Mara (jovialtarantism) wrote in artoftheday,

Jan Van Eyck-1434-The Marriage of Arnolfini

I absolutely LOVE this painting. When couples were married they often had a painting done as we the wedding photo. The symbolism in this picture is just awesome. For one thing, there is a huge debate over the possible pregnancy of the woman. It appears that she is actually holding her dress up to represent hopeful fertility. This theme continues into the fruit on the floor and the entire fact that this was painted in a bedroom. Although, there is some belief that the cherries outside the window represent love while the orange are purity and The Garden of Eden.

They are dressed in lavish clothing with red bedding and a dog to show their status and wealth. Even the way their are positioned is symbolic. She stands closer to the bed and deeper into the room showing her as caretaker of the house and representing her womanly role even more clearly.  The green of her dress is hope and rebirth (think spring) while her head covering is white (purity) and the bed clothes are red (sex). Absolutely everything in this painting is there for a reason! Even There is a carved figure of Saint Margaret, patron saint of pregnancy and childbirth, as a finial on the bedpost,. Saint Margaret was invoked to assist women in labor and to cure infertility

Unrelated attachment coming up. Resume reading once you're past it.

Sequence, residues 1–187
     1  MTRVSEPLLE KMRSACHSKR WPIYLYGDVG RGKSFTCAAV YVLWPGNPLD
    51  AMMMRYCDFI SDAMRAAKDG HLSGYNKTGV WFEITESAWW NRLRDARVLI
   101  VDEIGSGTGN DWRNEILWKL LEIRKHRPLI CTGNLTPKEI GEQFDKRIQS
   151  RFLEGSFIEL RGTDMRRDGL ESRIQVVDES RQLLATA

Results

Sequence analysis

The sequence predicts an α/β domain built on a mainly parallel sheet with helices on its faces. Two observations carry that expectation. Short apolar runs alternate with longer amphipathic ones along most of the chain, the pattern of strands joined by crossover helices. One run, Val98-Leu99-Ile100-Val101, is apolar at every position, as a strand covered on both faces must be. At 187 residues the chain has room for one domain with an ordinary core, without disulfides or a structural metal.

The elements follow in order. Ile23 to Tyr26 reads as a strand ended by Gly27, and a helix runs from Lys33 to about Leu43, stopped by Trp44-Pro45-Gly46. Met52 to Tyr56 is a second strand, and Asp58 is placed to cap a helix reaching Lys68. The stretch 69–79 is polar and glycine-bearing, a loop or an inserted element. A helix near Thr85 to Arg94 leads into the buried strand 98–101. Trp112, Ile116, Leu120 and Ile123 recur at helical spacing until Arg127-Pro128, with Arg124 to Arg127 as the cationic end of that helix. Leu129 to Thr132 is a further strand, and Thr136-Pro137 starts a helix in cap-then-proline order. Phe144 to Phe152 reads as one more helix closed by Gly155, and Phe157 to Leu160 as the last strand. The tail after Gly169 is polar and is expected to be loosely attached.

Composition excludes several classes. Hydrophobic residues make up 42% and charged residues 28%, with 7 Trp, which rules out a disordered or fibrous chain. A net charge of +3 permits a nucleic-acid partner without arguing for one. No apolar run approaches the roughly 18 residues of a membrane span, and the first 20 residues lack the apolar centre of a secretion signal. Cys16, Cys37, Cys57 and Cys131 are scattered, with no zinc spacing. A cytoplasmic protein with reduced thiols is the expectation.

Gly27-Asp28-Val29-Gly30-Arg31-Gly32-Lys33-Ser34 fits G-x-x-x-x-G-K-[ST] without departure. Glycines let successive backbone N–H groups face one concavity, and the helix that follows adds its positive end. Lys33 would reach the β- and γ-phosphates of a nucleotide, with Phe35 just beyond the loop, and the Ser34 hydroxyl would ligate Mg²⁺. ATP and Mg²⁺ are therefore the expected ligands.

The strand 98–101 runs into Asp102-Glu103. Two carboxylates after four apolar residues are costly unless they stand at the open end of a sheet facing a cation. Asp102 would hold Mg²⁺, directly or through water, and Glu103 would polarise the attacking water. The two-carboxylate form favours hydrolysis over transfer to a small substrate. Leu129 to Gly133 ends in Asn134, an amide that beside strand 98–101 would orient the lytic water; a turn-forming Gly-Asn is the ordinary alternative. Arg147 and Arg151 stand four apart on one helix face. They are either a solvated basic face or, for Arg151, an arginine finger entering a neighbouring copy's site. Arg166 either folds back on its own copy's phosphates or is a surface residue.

Finally, please note that there is only one candle lit. This comes from an old Flemish wedding tradition to evoke the eye of God.

Other cool facts here: Notice the small mirror in the background? Van Eyck actually painted himself into the painting in that mirror as a reflection! Some think this is another sign of the eye of God. Also, directly over this is the artist's signature, in a gorgeously central spot yet almost camouflaged.

Finally, this was actually painted with tempera on wood!

Spiffy, huh?!

There is even more symbolism in this piece that I am not listing and that I do not fully understand so I greatly encourage you to keep reading about and other of Van Eyck's works! Every time I run across this painting I discover a whole new layer of meaning!
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